Explore our collection – in 3D!
Sometimes, a diorama is so realistic, you feel like you can climb right inside the scene. And now, you can - digitally!
Our Collections staff are working on creating digital, 3D models of dioramas and objects from the collection, and sharing them on Sketchfab. Whether for reference, education, or just for fun, you can now explore the Fletcher Site diorama and Fish Camp dioramas from our old Glenora galleries. Or, get up close and personal with a Sabre-tooth skull, if you dare. Zoom in, click around, and go inside the models here!
Keep an eye out for more digitized objects from our collection in the future!
Giant Water Bug
Reaching lengths of up to 60 mm, the giant water bug (Lethocerus americanus) is the largest aquatic insect in Alberta.
Freckle Pelt Lichen
Frog? Nope - Lichen! Freckle Pelt (Peltigera aphthosa) is a common leafy lichen in the forests of Alberta.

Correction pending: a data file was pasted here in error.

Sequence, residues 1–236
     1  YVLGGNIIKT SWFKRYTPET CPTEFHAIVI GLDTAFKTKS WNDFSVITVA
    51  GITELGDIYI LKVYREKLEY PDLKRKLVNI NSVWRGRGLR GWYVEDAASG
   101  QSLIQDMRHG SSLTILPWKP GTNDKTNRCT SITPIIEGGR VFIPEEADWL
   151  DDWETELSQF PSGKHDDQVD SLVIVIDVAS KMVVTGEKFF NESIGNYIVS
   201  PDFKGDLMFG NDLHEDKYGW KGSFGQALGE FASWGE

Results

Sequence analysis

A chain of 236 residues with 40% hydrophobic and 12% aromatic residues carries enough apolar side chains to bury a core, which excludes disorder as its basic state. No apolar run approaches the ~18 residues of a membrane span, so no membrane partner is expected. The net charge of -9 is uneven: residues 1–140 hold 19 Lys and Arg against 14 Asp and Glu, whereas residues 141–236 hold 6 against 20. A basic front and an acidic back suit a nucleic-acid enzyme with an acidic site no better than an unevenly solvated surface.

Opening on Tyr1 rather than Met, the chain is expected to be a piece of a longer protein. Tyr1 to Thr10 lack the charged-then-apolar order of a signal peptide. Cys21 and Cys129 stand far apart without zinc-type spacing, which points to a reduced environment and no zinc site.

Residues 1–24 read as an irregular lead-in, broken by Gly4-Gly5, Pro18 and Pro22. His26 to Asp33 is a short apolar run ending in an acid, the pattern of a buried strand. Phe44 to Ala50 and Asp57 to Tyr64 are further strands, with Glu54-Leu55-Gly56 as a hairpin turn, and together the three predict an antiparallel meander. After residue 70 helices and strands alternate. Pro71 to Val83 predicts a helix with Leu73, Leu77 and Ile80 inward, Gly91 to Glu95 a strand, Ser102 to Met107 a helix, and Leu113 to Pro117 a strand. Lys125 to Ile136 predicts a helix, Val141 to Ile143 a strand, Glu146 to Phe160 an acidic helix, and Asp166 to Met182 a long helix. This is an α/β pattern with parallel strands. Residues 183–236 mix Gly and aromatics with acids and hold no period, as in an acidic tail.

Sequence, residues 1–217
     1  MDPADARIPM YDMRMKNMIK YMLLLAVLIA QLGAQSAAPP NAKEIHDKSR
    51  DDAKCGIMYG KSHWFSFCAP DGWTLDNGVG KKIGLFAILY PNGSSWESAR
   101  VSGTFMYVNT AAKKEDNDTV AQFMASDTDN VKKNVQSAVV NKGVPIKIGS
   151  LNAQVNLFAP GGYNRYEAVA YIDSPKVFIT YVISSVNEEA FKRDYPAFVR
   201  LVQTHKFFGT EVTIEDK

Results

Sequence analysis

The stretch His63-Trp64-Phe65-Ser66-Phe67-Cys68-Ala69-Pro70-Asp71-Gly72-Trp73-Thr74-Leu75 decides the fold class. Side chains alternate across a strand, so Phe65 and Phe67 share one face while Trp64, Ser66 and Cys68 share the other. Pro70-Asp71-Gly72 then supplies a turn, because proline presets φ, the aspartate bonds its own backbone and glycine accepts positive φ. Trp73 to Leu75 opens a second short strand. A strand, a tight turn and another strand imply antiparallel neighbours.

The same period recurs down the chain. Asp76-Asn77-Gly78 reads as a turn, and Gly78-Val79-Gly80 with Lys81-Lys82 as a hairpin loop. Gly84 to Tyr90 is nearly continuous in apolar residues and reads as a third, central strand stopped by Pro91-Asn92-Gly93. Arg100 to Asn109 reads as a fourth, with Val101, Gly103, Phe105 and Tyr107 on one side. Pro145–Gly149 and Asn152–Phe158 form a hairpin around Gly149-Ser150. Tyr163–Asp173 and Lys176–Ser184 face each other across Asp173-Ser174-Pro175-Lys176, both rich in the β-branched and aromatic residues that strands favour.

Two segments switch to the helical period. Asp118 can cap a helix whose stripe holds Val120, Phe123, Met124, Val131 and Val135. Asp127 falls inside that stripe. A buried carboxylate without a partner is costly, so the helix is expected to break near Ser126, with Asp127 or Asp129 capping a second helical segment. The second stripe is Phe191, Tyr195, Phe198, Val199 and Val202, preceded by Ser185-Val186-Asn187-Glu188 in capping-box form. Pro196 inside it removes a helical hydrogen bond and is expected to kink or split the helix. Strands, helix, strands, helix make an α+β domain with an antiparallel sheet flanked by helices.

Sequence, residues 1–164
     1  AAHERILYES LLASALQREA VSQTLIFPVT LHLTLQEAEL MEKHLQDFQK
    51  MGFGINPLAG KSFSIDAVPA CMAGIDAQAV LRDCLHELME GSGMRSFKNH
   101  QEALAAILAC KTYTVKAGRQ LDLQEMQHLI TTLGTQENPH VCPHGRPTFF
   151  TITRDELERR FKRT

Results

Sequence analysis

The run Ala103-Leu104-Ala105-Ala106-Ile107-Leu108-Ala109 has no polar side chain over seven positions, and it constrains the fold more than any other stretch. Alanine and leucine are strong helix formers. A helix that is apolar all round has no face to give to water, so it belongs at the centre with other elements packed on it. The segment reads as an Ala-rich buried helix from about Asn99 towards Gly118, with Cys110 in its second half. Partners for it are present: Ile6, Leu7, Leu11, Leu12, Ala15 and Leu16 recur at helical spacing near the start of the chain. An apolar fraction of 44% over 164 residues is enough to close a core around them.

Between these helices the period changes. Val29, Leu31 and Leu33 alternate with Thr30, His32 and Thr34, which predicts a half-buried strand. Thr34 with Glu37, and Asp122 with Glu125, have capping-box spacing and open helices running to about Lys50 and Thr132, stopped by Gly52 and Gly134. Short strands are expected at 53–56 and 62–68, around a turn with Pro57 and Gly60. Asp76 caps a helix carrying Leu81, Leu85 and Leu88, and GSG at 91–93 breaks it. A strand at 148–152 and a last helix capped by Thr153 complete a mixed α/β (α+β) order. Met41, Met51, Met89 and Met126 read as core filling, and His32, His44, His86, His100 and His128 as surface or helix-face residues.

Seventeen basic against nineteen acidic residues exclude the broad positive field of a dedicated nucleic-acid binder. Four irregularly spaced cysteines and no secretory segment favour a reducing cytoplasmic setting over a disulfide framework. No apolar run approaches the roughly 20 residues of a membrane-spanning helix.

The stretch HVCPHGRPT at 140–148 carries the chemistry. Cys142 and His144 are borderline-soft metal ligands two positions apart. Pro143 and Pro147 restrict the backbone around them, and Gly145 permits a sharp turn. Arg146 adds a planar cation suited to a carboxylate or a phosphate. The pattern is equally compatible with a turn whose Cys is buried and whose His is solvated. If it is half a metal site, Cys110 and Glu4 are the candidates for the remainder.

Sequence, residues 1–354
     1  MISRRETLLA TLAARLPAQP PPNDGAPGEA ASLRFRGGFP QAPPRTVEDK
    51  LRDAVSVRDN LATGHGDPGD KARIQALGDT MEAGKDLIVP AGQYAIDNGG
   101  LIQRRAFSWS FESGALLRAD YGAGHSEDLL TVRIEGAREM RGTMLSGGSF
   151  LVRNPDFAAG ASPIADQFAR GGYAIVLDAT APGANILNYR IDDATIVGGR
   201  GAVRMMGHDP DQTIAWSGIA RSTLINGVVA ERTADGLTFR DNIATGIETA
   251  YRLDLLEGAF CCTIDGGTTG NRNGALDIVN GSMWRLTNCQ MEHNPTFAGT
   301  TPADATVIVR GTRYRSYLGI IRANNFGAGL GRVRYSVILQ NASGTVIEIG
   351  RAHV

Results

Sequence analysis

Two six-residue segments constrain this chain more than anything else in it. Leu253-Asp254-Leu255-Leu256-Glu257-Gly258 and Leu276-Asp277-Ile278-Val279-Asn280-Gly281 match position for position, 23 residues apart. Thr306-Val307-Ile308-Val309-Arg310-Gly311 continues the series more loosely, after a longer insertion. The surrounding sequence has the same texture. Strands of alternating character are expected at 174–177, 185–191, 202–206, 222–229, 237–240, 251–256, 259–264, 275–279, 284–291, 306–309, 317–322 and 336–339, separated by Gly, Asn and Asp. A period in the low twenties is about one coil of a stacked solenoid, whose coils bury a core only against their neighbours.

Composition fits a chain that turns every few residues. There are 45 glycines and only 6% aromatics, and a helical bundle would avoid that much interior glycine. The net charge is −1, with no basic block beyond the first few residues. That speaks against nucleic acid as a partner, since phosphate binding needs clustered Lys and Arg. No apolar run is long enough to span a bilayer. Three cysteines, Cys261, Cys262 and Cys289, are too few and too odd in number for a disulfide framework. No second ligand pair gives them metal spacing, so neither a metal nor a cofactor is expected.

Boreal owls (Aegolius funereus) are found in coniferous forests in the mountains and boreal forest across the northern hemisphere.
Wolf Willow Seed
This specimen is the striped seed of the wolf-willow (silverberry; Elaeagnus commutata) and is approximately 11 mm long including the stem.
The Mayerthorpe Meteorite was discovered in 1964 by M. Dmitroca while cultivating a field near Mayerthorpe, Alberta.
This little toy dog dates to c. 1950s-1960s. It is made of vinyl, short for polyvinyl chloride (PVC).
Niitsitapi (Blackfoot) dress
This Niitsitapi woman’s dress is made from a purple woven woolen cloth and is completely hand-stitched.
Fort Edmonton Wedding Dress
This dress is the oldest European-style dress known to have been worn in Alberta in the Museum’s collection.
This beaver-gnawed wood was revered from a dugout near Grande Prairie, Alberta, and is about 9,200 years old.
This replica Smilodon fatalis skull can be seen in our Natural History Gallery at Royal Alberta Museum.
Fish Camp diorama
This Fish Camp diorama was part of the Syncrude Gallery of Aboriginal Culture at the former Glenora location.
Calcite sand crystals
This cluster of calcite crystals are also known as "sand crystals" because of the abundant sand grains that are found within these formations.